This article was written By Jon Jung on 14 Oct 2010, and is filed under Features, Trailer Thursday.

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About Jon Jung

Jon Jung (aka “Coffin Jon”) is the producer and host of the VCinema podcast and editor-in-chief of the VCinema blog. He contributed several essays to World Film Locations: Tokyo (Intellect, 2011). Jon lives in San Francisco, but wishes he was back in Japan where he lived for seven years.

Trailer Thursday: Battle Royale (2000)

This inaugural edition of Trailer Thursday looks at the 2000 version of the Kinji Fukasaku classic, Battle Royale.

This posting is a follow-up to the Battle Royale 3D news bit we posted last week and will serve mainly as a contrastive analysis to how the original version of the film was marketed in its native Japan.  The first observation we can immediately make is how different the original trailer’s tone is from the 3D update’s. The original version starts off very somber, poe-faced even, giving basic context to the film (“At the beginning of the milennium, one nation has collapsed.  Adults, who have lost hope for the future, have turned on the children and sanctioned a little game“) while the camera pulls back from a class picture of the film’s unwitting participants.  Meanwhile, in the background, the distinctive  “Dies Irae, Libera Me” (“Day of Wrath.  Deliver me from Hell”)  movement of Verdi’s “Requiem” is playing, immediately giving the sense of epic, maybe even warlike as Verdi’ s music tends to do.  The trailer then takes the initial “orientation” scene with “Beat” Takeshi Kitano shouting out the rules like a drill sergeant to the students interspersed with the individual class pictures being slammed down as if playing cards.  It should be noted that the class pictures look not unlike mugshots, underpinning the notion that the youth of Japan has been villified by the nation.  Finally, this segment concludes violence, the killing of Fujiyoshi by Kitano’s well-aimed switch blade to the head then a tracking shot showing the aftermath of the situation and a grinning Kitano.  It’s interesting to note that Fujiyoshi’s death is the one shown in the trailer.  Obviously, this scene is meant to have a consequential “kill or be killed” effect on the students, but it’s also the quickest in the entire movie.  The other scenes of violence and death are prolonged, mainly to focus on the drama of the situation.  Death and killing in Fukasaku’s movies is rarely without some significance though, and this scene Battle Royale is no different.  Fujiyoshi’s killing and the chaos it causes foreshadows the violence and chaos that will later ensue in the film.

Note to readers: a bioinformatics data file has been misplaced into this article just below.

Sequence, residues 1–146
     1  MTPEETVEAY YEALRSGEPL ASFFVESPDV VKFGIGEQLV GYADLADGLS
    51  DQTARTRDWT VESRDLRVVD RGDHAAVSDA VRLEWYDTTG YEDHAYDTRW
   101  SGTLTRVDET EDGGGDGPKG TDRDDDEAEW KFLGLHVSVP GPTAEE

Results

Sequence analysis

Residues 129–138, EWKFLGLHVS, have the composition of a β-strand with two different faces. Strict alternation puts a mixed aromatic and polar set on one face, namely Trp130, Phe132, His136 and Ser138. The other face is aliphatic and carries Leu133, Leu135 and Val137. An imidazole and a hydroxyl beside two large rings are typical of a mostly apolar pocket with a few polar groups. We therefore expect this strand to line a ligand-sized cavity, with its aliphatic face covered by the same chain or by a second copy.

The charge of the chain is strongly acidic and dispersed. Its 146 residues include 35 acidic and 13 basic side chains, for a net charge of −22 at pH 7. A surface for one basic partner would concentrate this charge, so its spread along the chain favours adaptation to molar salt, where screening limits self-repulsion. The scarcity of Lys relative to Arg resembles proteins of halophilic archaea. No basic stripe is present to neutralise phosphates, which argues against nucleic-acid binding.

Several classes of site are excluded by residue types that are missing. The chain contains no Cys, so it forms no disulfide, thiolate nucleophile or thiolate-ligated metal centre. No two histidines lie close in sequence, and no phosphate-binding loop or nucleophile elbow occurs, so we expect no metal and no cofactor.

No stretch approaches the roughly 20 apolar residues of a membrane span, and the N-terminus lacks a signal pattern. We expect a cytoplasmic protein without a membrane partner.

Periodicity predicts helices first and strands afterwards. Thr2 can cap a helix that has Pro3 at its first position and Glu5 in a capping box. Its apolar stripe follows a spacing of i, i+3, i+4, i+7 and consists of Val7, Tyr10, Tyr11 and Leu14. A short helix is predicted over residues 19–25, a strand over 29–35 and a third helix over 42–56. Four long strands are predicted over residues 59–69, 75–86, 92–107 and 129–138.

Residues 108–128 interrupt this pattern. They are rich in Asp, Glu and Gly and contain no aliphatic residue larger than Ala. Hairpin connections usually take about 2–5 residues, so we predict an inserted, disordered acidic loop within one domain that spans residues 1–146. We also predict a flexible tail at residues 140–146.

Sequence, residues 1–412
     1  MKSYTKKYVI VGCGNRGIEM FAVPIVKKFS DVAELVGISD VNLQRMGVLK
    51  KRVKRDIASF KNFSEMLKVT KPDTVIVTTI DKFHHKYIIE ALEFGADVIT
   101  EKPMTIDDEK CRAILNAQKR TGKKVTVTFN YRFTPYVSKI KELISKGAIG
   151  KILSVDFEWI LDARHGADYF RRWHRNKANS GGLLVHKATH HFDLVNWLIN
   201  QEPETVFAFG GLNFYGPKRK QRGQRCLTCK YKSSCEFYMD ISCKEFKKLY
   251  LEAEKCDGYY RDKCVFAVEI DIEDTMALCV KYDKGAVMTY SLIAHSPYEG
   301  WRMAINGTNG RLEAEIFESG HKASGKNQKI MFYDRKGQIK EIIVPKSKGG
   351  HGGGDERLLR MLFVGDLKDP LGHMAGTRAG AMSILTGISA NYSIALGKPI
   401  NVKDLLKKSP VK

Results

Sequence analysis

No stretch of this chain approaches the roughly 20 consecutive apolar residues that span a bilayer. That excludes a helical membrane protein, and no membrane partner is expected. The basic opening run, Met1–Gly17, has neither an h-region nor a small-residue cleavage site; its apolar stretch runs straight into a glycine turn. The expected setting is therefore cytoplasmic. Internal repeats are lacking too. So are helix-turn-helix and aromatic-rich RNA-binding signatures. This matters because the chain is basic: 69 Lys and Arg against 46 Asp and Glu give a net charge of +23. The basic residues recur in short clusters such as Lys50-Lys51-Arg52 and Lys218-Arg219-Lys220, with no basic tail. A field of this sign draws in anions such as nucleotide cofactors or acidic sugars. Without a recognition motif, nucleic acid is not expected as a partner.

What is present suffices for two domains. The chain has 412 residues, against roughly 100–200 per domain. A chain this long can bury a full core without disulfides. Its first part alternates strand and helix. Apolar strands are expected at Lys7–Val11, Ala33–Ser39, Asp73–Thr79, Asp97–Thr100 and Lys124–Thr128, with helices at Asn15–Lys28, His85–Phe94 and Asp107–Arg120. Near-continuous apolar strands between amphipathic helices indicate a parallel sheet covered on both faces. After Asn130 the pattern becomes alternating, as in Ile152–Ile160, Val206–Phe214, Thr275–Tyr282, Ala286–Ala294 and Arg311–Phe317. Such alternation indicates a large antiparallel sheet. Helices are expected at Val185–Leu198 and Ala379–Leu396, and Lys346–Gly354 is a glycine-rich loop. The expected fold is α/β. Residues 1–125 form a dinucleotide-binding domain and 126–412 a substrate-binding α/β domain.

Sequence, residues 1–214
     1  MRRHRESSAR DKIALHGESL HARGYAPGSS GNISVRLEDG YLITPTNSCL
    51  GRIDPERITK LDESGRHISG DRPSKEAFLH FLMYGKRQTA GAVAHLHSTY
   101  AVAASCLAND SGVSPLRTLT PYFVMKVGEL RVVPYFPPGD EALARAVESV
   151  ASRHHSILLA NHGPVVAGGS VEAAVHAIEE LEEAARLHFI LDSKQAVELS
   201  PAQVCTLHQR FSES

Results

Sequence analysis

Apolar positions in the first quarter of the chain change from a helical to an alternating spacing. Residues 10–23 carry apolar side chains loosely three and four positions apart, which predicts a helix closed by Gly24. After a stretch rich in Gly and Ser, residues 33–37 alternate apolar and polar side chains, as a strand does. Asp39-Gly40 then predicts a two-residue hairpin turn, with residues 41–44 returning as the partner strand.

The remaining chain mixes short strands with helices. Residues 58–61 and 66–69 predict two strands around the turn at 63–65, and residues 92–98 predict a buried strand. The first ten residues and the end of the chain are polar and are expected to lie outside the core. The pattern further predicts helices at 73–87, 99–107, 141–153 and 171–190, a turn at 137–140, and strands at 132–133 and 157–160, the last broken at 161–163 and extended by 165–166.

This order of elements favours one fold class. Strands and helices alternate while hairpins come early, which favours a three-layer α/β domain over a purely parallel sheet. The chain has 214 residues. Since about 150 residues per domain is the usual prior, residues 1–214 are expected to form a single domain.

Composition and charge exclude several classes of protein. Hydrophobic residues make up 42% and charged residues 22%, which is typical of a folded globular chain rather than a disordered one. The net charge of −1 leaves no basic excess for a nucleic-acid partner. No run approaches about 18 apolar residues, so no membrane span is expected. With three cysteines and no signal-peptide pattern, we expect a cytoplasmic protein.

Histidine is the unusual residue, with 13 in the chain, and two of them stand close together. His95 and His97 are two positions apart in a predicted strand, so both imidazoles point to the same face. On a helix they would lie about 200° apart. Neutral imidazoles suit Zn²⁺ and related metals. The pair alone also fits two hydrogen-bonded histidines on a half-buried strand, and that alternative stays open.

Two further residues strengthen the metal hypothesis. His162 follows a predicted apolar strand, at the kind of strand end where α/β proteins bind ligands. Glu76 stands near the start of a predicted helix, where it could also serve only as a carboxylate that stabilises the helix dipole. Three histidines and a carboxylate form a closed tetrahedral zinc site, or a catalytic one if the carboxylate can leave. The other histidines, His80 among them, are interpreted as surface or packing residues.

Related posts:

Viva Chiba! Part One: The Assassin (1970)
PiFan 2011: Park Nou-Shik And The Delirious Art of Righteous Revenge
The Nightmarish Reality of Procedure in Old Stone (China, 2016)

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